A Few Questions for You Questioners and Obligers About Treats
I’m deep into Before and After, my book about habit formation. One of the sixteen strategies that I’ve identified is the Strategy of Treats (which will probably be the favorite strategy of many people). By “treat” I mean something that you give yourself as a, well, treat.
I’ve been thinking a lot about treats, and of course, I continue to be obsessed by the Four Rubin Tendencies. In a nutshell:
The Rubin Tendencies describe how people tend to respond to expectations: outer expectations (a deadline, a “request” from a sweetheart) and inner expectations (write a novel in your free time, keep a New Year’s resolution).
Your response to expectations may sound slightly obscure, but it turns out to be very, very important.
In a nutshell:
- Upholders respond readily to outer and inner expectations (I’m an Upholder, 100%).
- Questioners question all expectations; they’ll meet an expectation if they think it makes sense (my husband is a Questioner).
- Rebels resist all expectations, outer and inner alike.
- Obligers meet outer expectations, but struggle to meet expectations they impose on themselves (like my friend who said, “In high school, I never missed track practice, but I can’t go running on the weekends now”).
I recently gave a talk at LinkedIn about the Rubin Character Index, so if you’d like to see me discuss each category in a video, you can watch: for Upholders, watch here; Questioners here; Rebels here; and Obligers here.
Today, my questions are directed at you Questioners and Obligers.
There are a lot of you, I know, because Obligers and Questioners are, by far, the largest categories. (Many things became clear to me when I realized how few people are Upholders.)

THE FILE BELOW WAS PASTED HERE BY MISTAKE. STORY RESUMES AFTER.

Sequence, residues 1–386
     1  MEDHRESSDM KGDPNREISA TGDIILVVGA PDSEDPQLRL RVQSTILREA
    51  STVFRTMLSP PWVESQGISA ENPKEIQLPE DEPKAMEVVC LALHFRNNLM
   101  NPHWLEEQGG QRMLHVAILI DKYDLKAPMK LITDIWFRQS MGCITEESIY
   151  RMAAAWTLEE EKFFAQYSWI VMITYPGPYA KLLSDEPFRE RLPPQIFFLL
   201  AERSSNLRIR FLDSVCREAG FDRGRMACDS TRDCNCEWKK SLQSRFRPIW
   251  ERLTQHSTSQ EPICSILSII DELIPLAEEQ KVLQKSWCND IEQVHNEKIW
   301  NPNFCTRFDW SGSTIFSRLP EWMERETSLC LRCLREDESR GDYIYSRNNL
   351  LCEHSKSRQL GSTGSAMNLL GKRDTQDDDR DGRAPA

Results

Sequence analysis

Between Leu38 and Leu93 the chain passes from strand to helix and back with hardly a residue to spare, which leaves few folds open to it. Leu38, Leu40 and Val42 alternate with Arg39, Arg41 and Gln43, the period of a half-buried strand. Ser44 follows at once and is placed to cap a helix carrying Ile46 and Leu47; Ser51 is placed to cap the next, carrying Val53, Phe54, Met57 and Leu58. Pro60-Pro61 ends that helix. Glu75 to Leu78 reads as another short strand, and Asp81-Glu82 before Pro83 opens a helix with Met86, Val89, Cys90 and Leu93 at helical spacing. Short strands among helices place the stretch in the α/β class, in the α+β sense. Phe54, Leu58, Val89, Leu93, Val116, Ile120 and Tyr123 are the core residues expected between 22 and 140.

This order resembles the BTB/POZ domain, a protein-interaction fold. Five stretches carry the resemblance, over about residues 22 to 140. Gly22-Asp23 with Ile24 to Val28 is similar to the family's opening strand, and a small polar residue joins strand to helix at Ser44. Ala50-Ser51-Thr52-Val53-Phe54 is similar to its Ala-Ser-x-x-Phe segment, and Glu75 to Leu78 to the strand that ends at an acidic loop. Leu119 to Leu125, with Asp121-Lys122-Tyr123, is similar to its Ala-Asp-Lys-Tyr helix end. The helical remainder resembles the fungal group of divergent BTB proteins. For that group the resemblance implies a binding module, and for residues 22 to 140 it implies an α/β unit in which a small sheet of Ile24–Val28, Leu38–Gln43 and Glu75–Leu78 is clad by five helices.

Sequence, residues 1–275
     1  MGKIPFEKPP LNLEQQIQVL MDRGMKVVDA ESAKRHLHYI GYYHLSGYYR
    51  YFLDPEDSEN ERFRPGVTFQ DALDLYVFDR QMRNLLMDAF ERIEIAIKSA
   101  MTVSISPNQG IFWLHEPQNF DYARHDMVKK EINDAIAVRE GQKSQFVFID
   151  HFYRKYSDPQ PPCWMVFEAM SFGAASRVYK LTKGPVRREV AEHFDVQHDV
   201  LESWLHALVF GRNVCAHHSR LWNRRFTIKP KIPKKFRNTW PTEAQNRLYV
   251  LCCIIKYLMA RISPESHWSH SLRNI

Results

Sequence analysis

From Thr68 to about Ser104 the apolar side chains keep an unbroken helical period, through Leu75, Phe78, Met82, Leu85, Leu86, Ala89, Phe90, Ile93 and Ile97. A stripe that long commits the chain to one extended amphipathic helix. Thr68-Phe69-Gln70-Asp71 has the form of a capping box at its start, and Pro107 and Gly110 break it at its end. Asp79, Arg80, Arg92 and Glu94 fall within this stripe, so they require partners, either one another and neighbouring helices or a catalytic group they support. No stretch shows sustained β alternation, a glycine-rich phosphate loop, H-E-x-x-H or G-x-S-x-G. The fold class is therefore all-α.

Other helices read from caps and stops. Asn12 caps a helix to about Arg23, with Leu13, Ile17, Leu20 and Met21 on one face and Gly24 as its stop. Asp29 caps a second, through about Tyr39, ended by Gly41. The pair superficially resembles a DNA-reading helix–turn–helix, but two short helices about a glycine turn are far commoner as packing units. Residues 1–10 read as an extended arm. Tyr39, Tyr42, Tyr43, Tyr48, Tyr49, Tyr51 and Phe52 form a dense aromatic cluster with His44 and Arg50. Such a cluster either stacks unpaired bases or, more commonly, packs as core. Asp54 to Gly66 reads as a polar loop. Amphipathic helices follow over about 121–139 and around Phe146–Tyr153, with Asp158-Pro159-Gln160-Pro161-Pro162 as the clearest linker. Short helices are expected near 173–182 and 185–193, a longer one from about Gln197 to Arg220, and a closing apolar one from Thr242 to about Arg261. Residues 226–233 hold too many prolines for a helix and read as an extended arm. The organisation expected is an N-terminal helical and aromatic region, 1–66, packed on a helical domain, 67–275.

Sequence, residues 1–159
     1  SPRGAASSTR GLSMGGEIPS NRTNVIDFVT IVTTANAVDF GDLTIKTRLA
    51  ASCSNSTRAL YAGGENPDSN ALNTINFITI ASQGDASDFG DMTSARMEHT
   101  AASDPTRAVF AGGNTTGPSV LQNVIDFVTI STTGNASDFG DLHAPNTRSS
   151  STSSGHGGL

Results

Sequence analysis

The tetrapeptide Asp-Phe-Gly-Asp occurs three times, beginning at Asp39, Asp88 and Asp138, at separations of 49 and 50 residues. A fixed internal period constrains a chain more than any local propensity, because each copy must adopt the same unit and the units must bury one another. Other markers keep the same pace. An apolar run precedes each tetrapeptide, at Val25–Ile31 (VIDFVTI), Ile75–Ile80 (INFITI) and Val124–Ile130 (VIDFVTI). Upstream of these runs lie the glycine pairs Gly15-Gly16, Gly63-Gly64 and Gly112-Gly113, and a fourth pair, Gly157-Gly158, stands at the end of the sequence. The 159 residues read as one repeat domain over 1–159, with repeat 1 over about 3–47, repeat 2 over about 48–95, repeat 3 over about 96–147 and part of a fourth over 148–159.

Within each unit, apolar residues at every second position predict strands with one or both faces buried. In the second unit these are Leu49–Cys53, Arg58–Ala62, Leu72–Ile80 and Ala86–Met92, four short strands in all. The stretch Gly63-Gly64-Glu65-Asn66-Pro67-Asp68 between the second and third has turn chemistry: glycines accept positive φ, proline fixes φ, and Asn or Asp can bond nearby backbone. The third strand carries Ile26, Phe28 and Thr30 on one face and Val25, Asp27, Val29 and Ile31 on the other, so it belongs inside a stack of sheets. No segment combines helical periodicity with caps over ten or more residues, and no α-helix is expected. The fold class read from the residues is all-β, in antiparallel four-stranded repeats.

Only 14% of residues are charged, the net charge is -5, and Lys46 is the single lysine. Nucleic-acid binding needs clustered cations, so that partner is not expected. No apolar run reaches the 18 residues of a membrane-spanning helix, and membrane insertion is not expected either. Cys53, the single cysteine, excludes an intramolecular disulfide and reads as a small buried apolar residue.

Questioners: Do you have trouble giving yourself a treat if you feel that it isn’t “necessary” or “justified?” In other words, do you feel like there has to be a sound reason to give yourself a treat?
Do you find it easier to give yourself a treat if it’s justified by sound reasons? “I’m getting a massage because studies show that massage increases immune function.”
Obligers: Do you have trouble giving yourself treats if you feel that the time, energy, or money is more properly owed to someone else? Is it easier to spend time or money on someone other than on yourself?
Do you find it easier to give yourself a treat if it’s framed in terms of its benefit to others? E.g., “If I spend the morning playing golf, I’ll be more patient and relaxed with my kids and at work.”
Feel free to mull your relationship to treats, generally! You Upholders and Rebels, too. I’d be very interested to hear what you think.
Gretchen Rubin is the author of the #1 New York Times Bestseller The Happiness Project—an account of the year she spent test-driving the wisdom of the ages, current scientific studies, and lessons from popular culture about how to be happier—and the recently released Happier at Home. On her popular blog, The Happiness Project, she reports on her daily adventures in the pursuit of happiness. For more doses of happiness and other happenings, follow Gretchen on Facebook and Twitter.
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*Image courtesy of alachia.